NASA Survey Reveals Hazardous Skies
STEVE INSKEEP, host:
It's MORNING EDITION from NPR News. Good morning. I'm Steve Inskeep.
NASA has reversed itself and is now promising to release the results of an air safety survey. The study was based on four years of interviews with thousands of pilots of commercial and general aviation aircraft. It suggests that the skies are more hazardous than the government has acknowledged.
NPR's Kathleen Schalch reports.
KATHLEEN SCHALCH: At a hearing on Capitol Hill yesterday, Jim Hall, former chairman of the National Transportation Safety Board, said the findings have him worried.
Mr. JIM HALL (Former Chairman, National Transportation Safety Board): This survey reportedly states that runway incursions and near collisions occur at least twice as much as is commonly thought.
SCHALCH: Hall said the information should be made public as soon as possible.
Mr. HALL: If we don't know something is broken, we cannot fix it.
SCHALCH: NASA conducted the study as part of a project launched in the late 1990s, reduced the number of fatal aviation accidents. Reporters spent more than a year trying to get the results under the Freedom of Information Act. But NASA turned the request down saying it didn't want to unduly upset air travelers and hurt airline profits. That didn't sit well with lawmakers who grilled NASA administrator Michael Griffin.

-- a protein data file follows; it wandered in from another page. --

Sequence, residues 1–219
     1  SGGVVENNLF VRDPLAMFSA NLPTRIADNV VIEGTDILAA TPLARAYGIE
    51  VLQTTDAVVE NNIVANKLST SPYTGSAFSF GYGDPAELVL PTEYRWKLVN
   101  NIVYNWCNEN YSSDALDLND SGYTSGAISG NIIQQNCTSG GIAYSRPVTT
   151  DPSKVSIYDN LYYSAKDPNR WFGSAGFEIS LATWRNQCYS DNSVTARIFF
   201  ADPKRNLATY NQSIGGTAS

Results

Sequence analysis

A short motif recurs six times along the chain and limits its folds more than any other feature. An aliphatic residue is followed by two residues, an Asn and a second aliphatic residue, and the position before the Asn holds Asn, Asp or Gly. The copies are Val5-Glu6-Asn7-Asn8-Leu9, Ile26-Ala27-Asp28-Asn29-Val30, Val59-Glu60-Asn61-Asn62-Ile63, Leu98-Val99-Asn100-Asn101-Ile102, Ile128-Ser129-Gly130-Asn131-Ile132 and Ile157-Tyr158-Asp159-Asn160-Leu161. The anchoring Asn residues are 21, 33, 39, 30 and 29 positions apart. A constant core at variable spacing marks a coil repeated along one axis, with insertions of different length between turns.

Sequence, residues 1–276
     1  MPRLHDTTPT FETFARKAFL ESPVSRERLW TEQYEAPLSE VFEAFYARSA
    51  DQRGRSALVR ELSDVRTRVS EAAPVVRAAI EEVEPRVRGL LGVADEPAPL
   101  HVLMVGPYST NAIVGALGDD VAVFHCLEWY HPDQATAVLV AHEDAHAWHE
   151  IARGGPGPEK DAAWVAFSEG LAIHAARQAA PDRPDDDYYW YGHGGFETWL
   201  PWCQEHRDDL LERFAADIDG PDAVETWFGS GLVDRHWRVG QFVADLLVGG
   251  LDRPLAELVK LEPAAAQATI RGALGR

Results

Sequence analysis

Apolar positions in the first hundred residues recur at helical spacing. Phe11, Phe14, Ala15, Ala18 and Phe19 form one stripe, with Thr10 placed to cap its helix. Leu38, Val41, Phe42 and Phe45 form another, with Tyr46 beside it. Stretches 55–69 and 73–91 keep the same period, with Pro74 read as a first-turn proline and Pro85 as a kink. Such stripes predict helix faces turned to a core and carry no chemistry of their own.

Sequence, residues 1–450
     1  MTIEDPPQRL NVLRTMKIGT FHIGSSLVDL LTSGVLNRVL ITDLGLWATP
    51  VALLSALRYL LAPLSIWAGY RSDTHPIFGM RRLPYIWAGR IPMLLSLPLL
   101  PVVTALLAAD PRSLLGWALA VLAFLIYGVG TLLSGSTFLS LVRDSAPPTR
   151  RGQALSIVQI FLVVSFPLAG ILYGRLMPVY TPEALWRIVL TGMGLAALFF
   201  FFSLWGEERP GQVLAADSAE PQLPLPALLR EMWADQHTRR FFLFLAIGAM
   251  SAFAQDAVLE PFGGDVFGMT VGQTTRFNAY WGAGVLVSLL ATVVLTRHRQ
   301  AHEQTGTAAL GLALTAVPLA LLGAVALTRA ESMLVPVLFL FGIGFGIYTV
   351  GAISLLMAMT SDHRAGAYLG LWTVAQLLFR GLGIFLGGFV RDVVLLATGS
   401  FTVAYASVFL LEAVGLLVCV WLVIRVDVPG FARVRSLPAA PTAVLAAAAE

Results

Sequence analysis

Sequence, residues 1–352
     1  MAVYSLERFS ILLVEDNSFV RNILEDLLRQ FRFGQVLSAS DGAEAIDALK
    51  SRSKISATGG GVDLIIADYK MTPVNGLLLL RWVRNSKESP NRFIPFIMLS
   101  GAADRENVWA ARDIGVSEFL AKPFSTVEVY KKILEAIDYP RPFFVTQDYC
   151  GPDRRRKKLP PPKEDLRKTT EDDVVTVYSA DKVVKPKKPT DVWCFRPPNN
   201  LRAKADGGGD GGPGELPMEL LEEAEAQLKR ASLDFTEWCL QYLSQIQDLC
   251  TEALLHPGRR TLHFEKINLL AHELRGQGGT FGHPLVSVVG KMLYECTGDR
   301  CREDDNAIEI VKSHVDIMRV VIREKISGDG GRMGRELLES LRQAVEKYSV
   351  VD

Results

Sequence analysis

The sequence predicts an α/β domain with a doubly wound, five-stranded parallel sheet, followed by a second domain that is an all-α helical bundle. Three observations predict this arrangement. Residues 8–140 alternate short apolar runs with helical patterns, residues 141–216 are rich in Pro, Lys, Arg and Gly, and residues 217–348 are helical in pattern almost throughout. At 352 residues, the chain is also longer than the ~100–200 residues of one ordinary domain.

Dr. MICHAEL GRIFFIN (Administrator, NASA): We did say that. That was the wrong thing to have said. I apologize that anyone in my agency did say that.
SCHALCH: Griffin told lawmakers NASA will release the survey but probably not until the end of the year. First, it wants to review the data to make sure it's accurate. The agency also needs to remove information that could reveal the identities of the pilots and the airlines they worked for. The pilots spoke candidly to telephone interviewers in exchange for the pledge that they would remain anonymous.
Kathleen Schalch, NPR News, Washington.
NPR transcripts are created on a rush deadline by Verb8tm, Inc., an NPR contractor, and produced using a proprietary transcription process developed with NPR. This text may not be in its final form and may be updated or revised in the future. Accuracy and availability may vary. The authoritative record of NPR’s programming is the audio record.